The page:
Egyptian President Mohammed Morsi Saturday changed dates of the country's multi-round parliamentary elections after the Christian minority complained that the date of the first round falls on their religious holiday, DPA reported.
"This comes in a swift response from President Mohammed Morsi to the demands of the Christian brothers," Morsi's office said in a statement.
According to the decree, dates of the other three stages have been changed, with the fourth and final round to be held on June 24, three days earlier than originally scheduled.
The new legislature will hold its maiden session on July 2, said the decree.
Christians make up around 10 per cent of Egypt's 83 million population.
They have been worried about their religious freedom since Islamists reached power after an uprising that forced Hosny Mubarak to step down two years ago.
Opposition leader Mohamed ElBaradei Saturday called for a boycott of the forthcoming elections as a means of protesting against the government.
"Boycotting the election is the fastest way to expose fake democracy and confirm our credibility," he wrote on Twitter.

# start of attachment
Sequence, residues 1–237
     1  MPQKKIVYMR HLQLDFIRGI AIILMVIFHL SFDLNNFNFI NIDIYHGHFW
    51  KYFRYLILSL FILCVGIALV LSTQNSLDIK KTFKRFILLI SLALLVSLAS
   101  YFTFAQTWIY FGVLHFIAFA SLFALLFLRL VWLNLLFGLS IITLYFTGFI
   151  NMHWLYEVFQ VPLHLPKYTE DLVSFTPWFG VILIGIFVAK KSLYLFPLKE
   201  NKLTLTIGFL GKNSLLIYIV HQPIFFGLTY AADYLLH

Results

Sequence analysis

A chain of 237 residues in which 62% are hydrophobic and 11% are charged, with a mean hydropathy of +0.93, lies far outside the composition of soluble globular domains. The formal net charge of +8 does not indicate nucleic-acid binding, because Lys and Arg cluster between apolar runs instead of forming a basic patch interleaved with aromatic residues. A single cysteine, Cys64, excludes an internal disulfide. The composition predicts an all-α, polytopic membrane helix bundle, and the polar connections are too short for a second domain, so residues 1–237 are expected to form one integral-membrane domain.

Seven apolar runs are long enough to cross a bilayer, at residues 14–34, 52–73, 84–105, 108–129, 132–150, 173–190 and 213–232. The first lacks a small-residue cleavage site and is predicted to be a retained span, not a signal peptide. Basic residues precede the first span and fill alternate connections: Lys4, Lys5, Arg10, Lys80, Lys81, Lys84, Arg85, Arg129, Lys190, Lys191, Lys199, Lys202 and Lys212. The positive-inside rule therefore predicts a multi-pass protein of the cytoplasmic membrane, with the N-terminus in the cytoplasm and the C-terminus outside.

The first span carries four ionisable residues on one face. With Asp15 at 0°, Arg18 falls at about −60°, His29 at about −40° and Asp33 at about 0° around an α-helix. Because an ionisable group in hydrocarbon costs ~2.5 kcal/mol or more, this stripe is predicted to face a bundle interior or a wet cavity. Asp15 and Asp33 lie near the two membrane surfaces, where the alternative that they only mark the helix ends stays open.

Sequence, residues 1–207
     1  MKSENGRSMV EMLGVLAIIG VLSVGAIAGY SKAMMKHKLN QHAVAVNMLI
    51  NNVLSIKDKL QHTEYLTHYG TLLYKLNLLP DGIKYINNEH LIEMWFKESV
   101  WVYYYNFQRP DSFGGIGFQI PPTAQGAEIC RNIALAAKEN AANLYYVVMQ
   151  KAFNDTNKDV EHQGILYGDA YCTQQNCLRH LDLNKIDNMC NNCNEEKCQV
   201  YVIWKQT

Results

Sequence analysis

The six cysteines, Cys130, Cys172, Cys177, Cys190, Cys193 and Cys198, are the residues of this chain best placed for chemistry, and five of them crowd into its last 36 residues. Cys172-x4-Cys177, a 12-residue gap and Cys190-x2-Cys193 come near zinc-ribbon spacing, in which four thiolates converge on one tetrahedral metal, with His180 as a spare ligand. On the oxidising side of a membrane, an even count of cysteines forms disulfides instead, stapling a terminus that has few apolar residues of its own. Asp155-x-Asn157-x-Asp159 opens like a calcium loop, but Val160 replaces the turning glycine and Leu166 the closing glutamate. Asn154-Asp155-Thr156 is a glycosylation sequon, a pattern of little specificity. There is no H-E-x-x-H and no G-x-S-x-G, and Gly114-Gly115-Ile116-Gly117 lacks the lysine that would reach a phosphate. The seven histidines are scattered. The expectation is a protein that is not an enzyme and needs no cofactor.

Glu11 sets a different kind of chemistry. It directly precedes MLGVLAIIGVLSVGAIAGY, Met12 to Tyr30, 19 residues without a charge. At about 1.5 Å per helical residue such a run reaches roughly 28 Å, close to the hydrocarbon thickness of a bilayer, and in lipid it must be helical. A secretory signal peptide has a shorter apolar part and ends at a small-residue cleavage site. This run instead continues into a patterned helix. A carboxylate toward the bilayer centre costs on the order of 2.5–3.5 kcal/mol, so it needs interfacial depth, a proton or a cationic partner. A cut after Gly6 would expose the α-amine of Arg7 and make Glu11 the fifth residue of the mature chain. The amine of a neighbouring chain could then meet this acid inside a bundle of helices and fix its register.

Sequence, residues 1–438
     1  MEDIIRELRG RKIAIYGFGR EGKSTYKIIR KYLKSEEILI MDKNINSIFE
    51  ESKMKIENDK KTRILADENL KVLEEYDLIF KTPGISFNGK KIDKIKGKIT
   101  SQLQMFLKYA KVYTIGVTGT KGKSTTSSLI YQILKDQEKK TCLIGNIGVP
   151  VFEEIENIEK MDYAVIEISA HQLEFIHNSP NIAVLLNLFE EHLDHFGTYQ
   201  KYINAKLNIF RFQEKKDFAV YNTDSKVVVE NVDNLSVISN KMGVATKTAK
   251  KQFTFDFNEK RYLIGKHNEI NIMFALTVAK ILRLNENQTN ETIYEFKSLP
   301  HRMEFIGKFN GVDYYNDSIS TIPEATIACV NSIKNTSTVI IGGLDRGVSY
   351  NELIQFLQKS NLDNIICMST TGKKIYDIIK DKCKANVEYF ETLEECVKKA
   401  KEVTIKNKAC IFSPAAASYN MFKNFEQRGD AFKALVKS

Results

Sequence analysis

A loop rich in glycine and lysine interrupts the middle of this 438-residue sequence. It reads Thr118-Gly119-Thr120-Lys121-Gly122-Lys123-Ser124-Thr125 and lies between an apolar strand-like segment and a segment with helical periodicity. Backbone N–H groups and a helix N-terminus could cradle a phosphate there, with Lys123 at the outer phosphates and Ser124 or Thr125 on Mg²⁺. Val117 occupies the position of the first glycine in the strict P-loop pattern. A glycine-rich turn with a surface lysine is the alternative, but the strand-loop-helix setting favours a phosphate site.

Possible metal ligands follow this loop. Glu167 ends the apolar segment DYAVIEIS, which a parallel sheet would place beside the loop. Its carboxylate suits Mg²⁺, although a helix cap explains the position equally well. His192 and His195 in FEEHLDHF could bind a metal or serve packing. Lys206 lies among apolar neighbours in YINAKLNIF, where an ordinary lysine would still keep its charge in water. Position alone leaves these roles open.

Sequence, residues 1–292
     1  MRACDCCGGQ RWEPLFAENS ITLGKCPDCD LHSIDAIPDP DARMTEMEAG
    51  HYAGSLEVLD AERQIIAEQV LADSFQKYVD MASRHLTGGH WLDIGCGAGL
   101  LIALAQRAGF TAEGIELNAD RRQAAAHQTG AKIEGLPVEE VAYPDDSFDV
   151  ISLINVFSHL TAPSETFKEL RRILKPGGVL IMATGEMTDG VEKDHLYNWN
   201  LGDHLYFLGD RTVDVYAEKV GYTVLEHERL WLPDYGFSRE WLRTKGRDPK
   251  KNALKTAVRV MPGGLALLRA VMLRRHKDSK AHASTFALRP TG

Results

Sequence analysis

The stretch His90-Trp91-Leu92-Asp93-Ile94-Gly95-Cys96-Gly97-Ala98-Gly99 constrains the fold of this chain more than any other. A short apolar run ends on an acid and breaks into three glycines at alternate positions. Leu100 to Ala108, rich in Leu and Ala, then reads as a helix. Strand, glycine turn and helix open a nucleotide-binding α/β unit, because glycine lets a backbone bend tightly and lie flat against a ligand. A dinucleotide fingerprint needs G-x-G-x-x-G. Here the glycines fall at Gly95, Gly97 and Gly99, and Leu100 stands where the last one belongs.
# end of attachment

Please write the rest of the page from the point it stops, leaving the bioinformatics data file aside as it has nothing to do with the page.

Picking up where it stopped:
"(I) called for (a) parliamentary election boycott in 2010 to expose sham democracy. Today I repeat my call, (I) will not be part of an act of deception," he added.
ElBaradei is a leading member of the main opposition bloc, the National Salavation Front, which has yet to say if it will boycott or participate in the polls.
Morsi's call for elections comes amid a deepening political dispute between the Islamist president and the mostly secular opposition.
Several opposition leaders have warned that the elections risk further deepening political divisions within the country.
Egypt has been without a lower house of parliament since June, when the Supreme Constitutional Court ruled that the electoral rules were unconstitutional. The previous election had returned a vast majority for Islamist lawmakers.
The Shura Council, or the upper house of parliament, temporarily holds legislative authority until the legislature is elected.